This excerpt from an FDA letter to Osiris makes the point

Please be advised that in order to lawfully market a drug that is also a biological product, a valid biologics license must be in effect [42 U.S.C. 262(a)]. Such licenses are issued only after a showing of safety and efficacy for the product's intended use. While in the development stage, such products may be distributed for clinical use in humans only if the sponsor has an investigational new drug (IND) application in effect as specified by FDA regulations [21 U.S.C. 355(i); 42 U.S.C. 262(a)(3); 21 CFR Part 312]. None of the amniotic/chorionic-based products described in this letter are the subject of an approved biologics license application (BLA), nor are there INDs in effect for any of these products. Based on this information, we have determined that your actions have violated the Act and the PHS Act.


The author is probably correct in assuming that until someone dies from a misguided procedure involving questionable cells the FDA will not pursue legal remedies.

The dilemma is that an outcome such as a death could so damage the reputation of regenerative medicine that recovery could take decades. In the meantime fraudulent procedures do nothing but create doubt of efficacy. I don't know how the FDA can regulate it. I don't think they do either.

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Unapproved SC products marketed in the US 25 Jun 2015 06:02 #4728

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The dilemma is that an outcome such as a death could so damage the reputation of regenerative medicine that recovery could take decades. In the meantime fraudulent procedures do nothing but create doubt of efficacy. I don't know how the FDA can regulate it. I don't think they do either.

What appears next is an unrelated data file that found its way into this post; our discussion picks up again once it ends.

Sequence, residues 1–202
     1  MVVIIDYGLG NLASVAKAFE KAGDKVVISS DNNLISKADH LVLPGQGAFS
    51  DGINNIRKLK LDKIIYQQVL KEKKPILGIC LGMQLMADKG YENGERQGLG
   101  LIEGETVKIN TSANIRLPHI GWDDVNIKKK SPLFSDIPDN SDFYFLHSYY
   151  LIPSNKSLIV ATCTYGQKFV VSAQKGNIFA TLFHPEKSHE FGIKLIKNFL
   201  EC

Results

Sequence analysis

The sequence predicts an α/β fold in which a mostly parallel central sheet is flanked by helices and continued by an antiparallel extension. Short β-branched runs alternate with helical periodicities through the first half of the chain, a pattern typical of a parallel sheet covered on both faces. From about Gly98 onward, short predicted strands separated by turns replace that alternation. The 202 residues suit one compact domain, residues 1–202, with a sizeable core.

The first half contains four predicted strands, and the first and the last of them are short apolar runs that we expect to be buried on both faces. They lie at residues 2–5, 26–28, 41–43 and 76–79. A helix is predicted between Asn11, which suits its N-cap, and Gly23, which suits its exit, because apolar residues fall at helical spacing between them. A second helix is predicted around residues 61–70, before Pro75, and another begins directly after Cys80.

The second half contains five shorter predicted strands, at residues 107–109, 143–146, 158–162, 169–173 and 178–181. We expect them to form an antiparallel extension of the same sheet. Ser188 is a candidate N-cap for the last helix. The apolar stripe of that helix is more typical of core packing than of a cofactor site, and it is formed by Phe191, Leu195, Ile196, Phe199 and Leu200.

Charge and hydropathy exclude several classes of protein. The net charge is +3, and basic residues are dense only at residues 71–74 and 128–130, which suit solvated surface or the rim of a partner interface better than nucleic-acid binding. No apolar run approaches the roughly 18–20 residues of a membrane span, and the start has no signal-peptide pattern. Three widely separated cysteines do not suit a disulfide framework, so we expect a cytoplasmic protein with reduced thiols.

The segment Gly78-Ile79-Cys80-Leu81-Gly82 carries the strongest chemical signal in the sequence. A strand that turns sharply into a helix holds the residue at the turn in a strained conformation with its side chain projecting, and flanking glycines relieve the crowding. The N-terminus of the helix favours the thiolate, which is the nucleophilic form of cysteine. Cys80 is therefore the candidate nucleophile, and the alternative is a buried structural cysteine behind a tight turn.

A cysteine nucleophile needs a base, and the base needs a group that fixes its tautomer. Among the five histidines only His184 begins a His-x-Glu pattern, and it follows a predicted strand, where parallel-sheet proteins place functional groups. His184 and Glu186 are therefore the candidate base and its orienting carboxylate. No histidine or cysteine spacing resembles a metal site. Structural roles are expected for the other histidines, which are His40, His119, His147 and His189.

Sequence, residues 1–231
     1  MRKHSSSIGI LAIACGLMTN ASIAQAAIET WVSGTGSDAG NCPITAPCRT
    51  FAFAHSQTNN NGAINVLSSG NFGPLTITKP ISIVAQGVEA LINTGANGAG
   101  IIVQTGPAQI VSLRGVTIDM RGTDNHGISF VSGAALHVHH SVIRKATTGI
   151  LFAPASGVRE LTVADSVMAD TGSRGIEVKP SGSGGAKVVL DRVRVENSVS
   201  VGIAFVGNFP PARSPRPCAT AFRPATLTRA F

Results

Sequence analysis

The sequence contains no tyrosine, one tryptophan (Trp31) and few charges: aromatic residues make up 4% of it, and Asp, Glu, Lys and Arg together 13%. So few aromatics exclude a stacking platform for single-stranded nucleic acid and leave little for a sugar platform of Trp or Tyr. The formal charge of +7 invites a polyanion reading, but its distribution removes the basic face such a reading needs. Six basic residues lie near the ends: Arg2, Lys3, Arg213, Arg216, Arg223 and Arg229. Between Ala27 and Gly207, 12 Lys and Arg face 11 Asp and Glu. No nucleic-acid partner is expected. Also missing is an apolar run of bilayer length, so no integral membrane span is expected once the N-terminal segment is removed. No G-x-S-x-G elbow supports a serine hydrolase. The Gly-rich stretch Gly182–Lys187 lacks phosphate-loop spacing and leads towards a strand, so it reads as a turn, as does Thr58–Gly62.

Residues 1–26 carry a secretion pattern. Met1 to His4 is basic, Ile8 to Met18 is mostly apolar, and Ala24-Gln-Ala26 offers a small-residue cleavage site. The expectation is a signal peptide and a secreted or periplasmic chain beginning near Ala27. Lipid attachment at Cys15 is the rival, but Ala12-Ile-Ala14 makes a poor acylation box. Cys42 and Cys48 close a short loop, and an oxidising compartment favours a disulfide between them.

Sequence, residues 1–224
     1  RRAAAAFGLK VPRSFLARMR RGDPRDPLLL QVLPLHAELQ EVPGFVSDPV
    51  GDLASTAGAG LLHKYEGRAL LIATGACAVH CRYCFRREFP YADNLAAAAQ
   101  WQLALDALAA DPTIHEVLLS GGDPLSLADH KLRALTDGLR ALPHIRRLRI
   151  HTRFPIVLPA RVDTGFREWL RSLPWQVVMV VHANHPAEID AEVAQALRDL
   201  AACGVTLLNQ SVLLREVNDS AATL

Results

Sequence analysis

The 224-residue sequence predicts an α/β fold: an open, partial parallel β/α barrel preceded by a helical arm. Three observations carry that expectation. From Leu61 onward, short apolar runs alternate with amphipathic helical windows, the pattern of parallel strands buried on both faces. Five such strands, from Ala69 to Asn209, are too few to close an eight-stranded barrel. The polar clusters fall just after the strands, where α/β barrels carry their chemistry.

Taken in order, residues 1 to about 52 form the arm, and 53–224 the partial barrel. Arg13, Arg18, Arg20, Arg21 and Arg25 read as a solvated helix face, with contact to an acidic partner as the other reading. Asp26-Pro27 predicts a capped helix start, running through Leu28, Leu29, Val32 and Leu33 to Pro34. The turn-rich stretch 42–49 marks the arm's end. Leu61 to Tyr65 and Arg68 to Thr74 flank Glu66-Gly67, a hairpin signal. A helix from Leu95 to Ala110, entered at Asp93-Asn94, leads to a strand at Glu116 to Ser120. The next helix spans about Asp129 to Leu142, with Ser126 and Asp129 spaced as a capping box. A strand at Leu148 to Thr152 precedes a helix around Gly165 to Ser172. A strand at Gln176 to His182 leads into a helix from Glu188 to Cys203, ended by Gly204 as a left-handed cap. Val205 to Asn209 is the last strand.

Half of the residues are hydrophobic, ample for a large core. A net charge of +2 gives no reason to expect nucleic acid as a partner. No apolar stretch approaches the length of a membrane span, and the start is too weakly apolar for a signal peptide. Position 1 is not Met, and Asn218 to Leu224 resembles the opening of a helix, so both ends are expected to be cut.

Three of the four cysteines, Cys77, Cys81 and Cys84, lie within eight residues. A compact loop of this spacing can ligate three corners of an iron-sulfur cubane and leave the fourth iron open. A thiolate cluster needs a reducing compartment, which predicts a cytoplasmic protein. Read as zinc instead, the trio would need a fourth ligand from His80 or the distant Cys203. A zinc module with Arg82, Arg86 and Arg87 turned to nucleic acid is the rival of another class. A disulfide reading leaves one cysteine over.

All the present applications are basically "simple" non-evasive orthopedic- and wound healing applications. It is extremely unlikely that anything serious occurs, since all apps are based on adult cells and nothing risky like Esc´s or iPC´s ( which one reads more and more that even Induced Pluripotent Cells- stemming from adult tissue, induce carcinogenic cell growth).

Anyway- the first generation gear from Genzyme which Aastrom bought from Sanofi does not blow anybody away- which also happens with the Grafix and all other stuff, which can be classified as second generation. My view is that since regulations by the FDA were chaotic in the past and put cell app developers years back and were wasting time and shareholders money, they should be allowed to continue as first movers with the present products. Any new developments according to new now existing regulations. :whistle:

Time will tell. :nice:

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Board moderator and Site-owner. I still regret the day I started analysing the prospects of MacroPore (now Cytori) back in 2004- a left-over from the tech-bubble at that time from the century change in my portfolio- and became addicted to Cytori´s fat cell technology. :cry: